Few spaces offer more opportunities to challenge social gender norms than athletics. From the heteronormative assumptions that haunt men’s teams to the ongoing struggle for women’s equality in pay and recognition, athletics is more than ever the grounds for culture wars. States across the country are pushing anti-trans legislation targeted at athletics.
As an openly gay cisgender college track athlete, I believe that queer visibility in athletics is a productive avenue to reaching a more inclusive society. However, there is a major barrier on this path: the misguided stereotype that athleticism and masculinity are interchangeable or codependent traits.
When Carl Nassib of the Las Vegas Raiders’ became the first active NFL player to come out as gay last week, my jaw hit the floor. The 101-year streak of zero LGBTQ representation in America’s most popular sport illustrates how social norms portend masculinity as a requirement for athletic success – and existence – in most sports.
Although some see masculinity as an integral trait in athletic success, its usefulness is inferior to the genderless qualities of poise, industriousness, and competitiveness greatness. What we think masculinity provides us—traits like aggression, dominance, and grit—are actually traits of all driven athletes regardless of gender or sexuality.
Although some see masculinity as an integral trait in athletic success, its usefulness is inferior to the genderless qualities of poise, industriousness, and competitiveness greatness.
Being a queer athlete is traditionally seen as an oxymoron. The North Star for athletic success has been defined, broadly, as toxic masculinity. The expectation is that less you throw, run, or jump “like a girl,” the better you will perform.
But athletic success does not rely on the operationalization of a very small part of what masculinity is and can be. Masculinity is natural and can be a productive expression of the self. Nevertheless, I have seen the destructive effects toxic masculinity can have on teams and in locker rooms.
My sophomore year of college was my team’s worst-performing year. At a men’s team meeting prior to our conference championship, I witnessed the insecurities and fears of my teammates turn into brutal displays of toxic masculinity. A teammate literally beat his chest and shouted on his mother’s grave that he would “medal.” Another followed suit, matching the shouting with swearing and upping the imperative in a more macho tone. Shortly the room became a pit of masculine rage: as if that rage and loud passion were a requirement for playing the game.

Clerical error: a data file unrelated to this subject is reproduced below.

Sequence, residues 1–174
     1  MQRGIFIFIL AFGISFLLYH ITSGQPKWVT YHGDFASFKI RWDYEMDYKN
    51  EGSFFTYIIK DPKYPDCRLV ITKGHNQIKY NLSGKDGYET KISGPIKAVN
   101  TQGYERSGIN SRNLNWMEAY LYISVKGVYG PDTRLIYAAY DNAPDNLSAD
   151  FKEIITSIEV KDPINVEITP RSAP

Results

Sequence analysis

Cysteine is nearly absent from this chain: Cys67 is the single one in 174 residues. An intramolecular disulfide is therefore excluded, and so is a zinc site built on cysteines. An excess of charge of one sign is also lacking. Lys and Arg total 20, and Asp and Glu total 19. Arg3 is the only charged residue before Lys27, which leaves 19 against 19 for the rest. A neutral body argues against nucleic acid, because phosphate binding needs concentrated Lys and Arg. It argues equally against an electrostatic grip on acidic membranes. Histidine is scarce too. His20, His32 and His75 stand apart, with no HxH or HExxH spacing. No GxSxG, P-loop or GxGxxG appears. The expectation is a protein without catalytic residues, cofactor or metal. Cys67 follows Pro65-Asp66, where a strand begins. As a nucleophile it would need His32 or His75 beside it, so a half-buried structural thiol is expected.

I tried to walk, in the least-gay way I could, to the stairwell and to my room, where I laid in bed and absorbed the added weight of “being extra toxic” to my race day checklist.
Young teammates like myself, however, walked out with desolate faces. I tried to walk, in the least-gay way I could, to the stairwell and to my room, where I laid in bed and absorbed the added weight of “being extra toxic” to my race day checklist. To no reader’s surprise, our team’s finish was abysmal. Guy after guy folded their cards when the going got tough, succumbing to two of their worst fears at once: losing and not being manly. Our head coach was fired and replaced at year-end.
PQ: Guy after guy folded their cards when the going got tough, succumbing to two of their worst fears at once: losing and not being manly.
Instituting a purist adherence to masculinity as a team value is a fruitless attempt to invigorate a team. It’s also a way to make teams more hostile for queer teammates like myself and Carl Nassib. Three years, a coaching change, and a paradigm shift later, I reached All-American status and was the 578th American distance runner to ever run under 4 minutes in the mile: a pinnacle achievement in my sport.
By this point, I was out to my coach and teammates. “This sport is a metaphor for life,” my coach would always tell me. He tasked us to treat athletics like a laboratory for life. His tolerance for pompousness and lewdity was zero. He made clear, from early on, that we were expected to talk about women with respect, clean our locker room, and respect each other’s differences. We went from chest-beating and shouting to holding deeply personal, open-floor team meetings on racism and discrimination.
It is clear to me that Carl Nassib is taking action on what he needs to do to grow as a person, and as an athlete. Heteronormative social norms? No more: Carl Nassib had the courage to deem all the heteronormative assumptions embedded in the NFL ethos unproductive, pointless, and simply unnecessary in 2021.
I believe Carl Nassib is ready to have a kick-ass season for the Raiders. How can I tell?
Queer or questioning athletes who are witnessing this: think about Carl Nassib’s decision alongside John Wooden’s Pyramid of Success. Coach Wooden was one of the best college basketball coaches of all time at UCLA. My college coach showed me this pyramid very early on.
At the top of his pyramid, listed as a paramount feature to success, is competitive greatness. Right below is poise: defined as “just being yourself” in any situation. Next is confidence, condition, skill, and team spirit.
Ignore the hate comments on the NFL’s Instagram. Don’t listen to what you’re afraid your team’s worst bigot might say. You’ll surpass your current limits as an athlete when you’re living authentically. Don’t take it from me, take it from Coach Wooden, and out athletes across the world that wouldn’t swear by any other way.♦
Brandon Tubby (@brandon_tubby) is an athlete, urbanist, and writer from New Jersey.